ADHD is a very mild form of autism that is very common. Students with ADHD typically find it difficult to sit still and focus on their studies, and many are prescribed medications to help them calm down and focus better. It is not at all uncommon for a student who has been diagnosed with ADHD to have some learning disabilities as well.
Although some students have no problem fitting in with their classmates, it is more common for students with ADHD to feel ostracized. They know that they are different and so do their classmates. As a result, many of these students do not get the full social experience they deserve.
These students aren’t the only ones who struggle with ADHD; the lives of their parents are affected as well. Finding a group that offers ADHD support can go a long way toward helping parents better understand what their child faces. An ADHD support group can also help parents develop the skills they need to prepare their child for the future.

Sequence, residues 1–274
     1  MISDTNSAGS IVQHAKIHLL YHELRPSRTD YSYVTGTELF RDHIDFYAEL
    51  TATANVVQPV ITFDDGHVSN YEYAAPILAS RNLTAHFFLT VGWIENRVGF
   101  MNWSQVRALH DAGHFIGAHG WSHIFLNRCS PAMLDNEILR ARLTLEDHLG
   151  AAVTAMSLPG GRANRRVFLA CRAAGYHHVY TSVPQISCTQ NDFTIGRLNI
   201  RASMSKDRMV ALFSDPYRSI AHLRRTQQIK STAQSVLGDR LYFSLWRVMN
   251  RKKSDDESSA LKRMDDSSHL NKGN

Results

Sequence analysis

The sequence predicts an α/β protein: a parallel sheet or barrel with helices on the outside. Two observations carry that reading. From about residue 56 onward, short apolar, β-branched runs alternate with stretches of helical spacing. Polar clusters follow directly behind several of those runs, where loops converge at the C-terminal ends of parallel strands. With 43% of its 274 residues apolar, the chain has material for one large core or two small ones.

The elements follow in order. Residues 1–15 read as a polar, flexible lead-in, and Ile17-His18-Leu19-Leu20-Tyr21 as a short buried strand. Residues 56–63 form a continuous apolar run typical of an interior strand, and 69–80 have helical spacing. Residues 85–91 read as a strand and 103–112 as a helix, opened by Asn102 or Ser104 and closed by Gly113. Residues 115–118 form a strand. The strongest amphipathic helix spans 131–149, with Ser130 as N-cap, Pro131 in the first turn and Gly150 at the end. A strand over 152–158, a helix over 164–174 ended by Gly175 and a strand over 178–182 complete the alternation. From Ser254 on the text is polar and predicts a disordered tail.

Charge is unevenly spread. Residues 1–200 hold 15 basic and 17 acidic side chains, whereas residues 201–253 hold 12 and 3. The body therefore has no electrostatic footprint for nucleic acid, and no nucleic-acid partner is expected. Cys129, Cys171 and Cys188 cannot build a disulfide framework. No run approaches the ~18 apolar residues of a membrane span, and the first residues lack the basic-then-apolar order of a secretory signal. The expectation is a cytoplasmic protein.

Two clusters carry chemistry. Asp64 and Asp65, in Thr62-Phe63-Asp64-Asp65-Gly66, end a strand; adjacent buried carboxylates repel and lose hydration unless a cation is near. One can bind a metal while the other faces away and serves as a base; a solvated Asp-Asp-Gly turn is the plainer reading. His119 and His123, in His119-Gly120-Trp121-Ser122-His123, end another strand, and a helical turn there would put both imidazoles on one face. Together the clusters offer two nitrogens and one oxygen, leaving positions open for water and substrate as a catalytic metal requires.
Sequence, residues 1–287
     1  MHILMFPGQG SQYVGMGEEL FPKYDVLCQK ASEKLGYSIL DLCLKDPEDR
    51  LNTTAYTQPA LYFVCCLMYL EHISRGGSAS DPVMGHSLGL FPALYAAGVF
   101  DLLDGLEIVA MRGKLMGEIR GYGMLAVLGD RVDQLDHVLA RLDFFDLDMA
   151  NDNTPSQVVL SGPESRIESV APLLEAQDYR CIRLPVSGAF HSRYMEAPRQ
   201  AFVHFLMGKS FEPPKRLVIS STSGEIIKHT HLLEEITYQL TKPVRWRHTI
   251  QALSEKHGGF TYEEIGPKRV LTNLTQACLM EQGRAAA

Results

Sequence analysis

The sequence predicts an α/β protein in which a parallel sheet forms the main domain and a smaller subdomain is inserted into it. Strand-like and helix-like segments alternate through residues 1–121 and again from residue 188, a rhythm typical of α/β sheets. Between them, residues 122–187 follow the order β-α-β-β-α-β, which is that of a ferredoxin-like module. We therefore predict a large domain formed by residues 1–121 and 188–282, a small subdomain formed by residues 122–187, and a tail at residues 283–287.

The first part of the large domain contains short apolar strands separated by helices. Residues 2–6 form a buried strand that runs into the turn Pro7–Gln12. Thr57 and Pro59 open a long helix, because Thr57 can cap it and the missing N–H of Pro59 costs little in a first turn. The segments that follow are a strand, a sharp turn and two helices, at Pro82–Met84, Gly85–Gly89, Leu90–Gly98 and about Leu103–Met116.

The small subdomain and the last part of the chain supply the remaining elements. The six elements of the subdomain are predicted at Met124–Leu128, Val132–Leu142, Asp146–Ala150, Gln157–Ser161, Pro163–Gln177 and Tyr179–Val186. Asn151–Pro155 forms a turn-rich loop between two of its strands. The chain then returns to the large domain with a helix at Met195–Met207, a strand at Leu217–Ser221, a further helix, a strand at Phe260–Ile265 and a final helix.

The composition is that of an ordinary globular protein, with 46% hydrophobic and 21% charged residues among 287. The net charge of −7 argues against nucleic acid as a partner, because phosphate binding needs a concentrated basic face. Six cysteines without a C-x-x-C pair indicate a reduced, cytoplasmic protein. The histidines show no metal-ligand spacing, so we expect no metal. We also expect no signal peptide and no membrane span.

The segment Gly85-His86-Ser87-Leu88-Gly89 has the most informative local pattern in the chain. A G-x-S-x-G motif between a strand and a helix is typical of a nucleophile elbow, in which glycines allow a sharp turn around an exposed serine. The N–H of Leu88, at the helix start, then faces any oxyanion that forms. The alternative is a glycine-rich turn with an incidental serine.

Many young adults who have been diagnosed with ADHD find that they do best if they take advantage of a transitional program instead of going straight to college after graduating from high school. A transitional program serves several different purposes, but the ultimate goal is to provide young adults with the skills they will need while in college. It helps young adults learn how to work around their learning disabilities and other complications that ADHD brings so they can complete their school work.
In addition to providing ADHD support and helping individuals become better students, transitional programs also help students learn the skills they need in order to survive on their own. The teachers who work for transitional programs tend to be more patient than most traditional high school teachers, and this patience makes it possible for these students to learn things like managing personal finances, tips for getting a good apartment and interviewing skills.
By the time young adults are ready to move from a transitional program into a traditional college, they are often changed human beings. The ADHD support they received while enrolled in the program will have taught them to treat their ADHD as an challenge instead of something that holds them back.
ADHD Support – College Living Experience is a transitional school that has helped hundreds of students with special needs and learning disabilities make the transition from high school to independent living. The school’s goal is to make sure that each student can eventually take care of him or herself.